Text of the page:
Elected Presidency White Paper: Reserved race for minorities will 'strike right balance'

Dr Tony Tan (centre) taking his oath of office during the swearing-in ceremony as Singapore’s seventh president and third elected president in the State Room of the Istana on Sept 1, 2011. PHOTO: ST FILE

SINGAPORE - The Constitutional Commission's proposal to guarantee a minority president from time to time strikes an "appropriate balance" between working towards the ideal of multiracialism and ensuring minorities are represented in the meantime, the Government said on Thursday (Sept 15).

The "hiatus-triggered" framework - in which an election is reserved for a particular race if no one from that group had been president for five continuous terms - also gels with Singapore's meritocratic ideals.

That is because the qualifying criteria for presidential candidates remain the same.

"This should negate any perceptions of him being a 'token' president," the Government said in its White Paper response to the panel's report.

The Government also said that, in accepting the recommendations, it agreed with the commission's reasons for ensuring multiracial representation in the presidency.

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Major changes to the elected presidency proposed by a constitutional commission have been largely accepted by the Government, but with significant differences which it spelt out in a White Paper.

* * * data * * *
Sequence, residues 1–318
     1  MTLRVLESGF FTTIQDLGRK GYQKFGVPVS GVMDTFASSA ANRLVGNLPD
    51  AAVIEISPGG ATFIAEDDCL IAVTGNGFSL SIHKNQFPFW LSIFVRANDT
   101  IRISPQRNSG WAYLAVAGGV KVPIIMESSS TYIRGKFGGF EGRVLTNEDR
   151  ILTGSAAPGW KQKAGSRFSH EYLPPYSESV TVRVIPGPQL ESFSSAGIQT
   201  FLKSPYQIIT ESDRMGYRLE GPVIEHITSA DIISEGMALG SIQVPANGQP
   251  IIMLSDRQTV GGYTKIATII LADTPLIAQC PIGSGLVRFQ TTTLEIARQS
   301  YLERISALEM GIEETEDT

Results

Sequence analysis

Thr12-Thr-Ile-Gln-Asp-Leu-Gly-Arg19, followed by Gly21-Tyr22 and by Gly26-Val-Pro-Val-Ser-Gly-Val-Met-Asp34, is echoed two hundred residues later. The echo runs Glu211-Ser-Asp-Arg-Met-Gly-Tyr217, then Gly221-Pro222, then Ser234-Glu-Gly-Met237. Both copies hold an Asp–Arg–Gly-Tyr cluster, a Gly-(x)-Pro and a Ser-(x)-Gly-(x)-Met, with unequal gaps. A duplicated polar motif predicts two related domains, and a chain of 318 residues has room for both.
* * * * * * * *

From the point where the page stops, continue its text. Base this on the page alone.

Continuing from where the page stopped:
The panel had said that the "ultimate destination" was one where no safeguards are needed to ensure the representation of different ethnic groups. Singapore had not "arrived" at such a destination yet, it added.

Agreeing, the Government said multiracialism is "fundamental to Singapore's cohesion and survival".

It featured prominently in the first Parliament session in 1965, and formed the terms of reference for the first Constitutional Commission a year later, said the White Paper.

The ideal is also entrenched in other social policies, such as education, housing and politics. For example, the Group Representation Constituency (GRC) scheme was introduced in 1988 to ensure minorities are suitably represented in Parliament.

"This has encouraged all political parties to engage in multiracial rather than sectarian politics."

Noting that countries such as Switzerland and Canada also ensure multiracial representation for their heads of state post, the Government said the nation would "lose an important element of multiracialism" if particular minority groups are never represented in the office.

"Every Singaporean has to be able to identify with the President, and to know that a member of his community can and will become President from time to time."

The Government also cautioned against taking Singapore's multiracial and meritocratic society for granted, as the world is "seeing a trend of explicitly race-based politics which work up and exploit populist sentiments".

It added: "Decencies and sensibilities built up over the years can easily come undone in an age where populism and appeals to racial impulses are increasingly common."

The White Paper cited Britain's Brexit referendum in June, when debates on immigration policies were widely intertwined with racial arguments.

But at the same time, Singapore has yet to become a "post-racial" society, it said, pointing to a recent study that shows a significant number of people have a strong preference for presidents or prime ministers to be of their own race.

The proposed mechanism, however, is race-neutral as it guarantees the representation of all racial groups, the Government said.


It was "most unlikely" that the Chinese community would experience a five-term hiatus.

But the move to make sure there is minority representation is "significant at a symbolic level, as it underscores the importance of ensuring that all races are represented in the presidency", said the White Paper.

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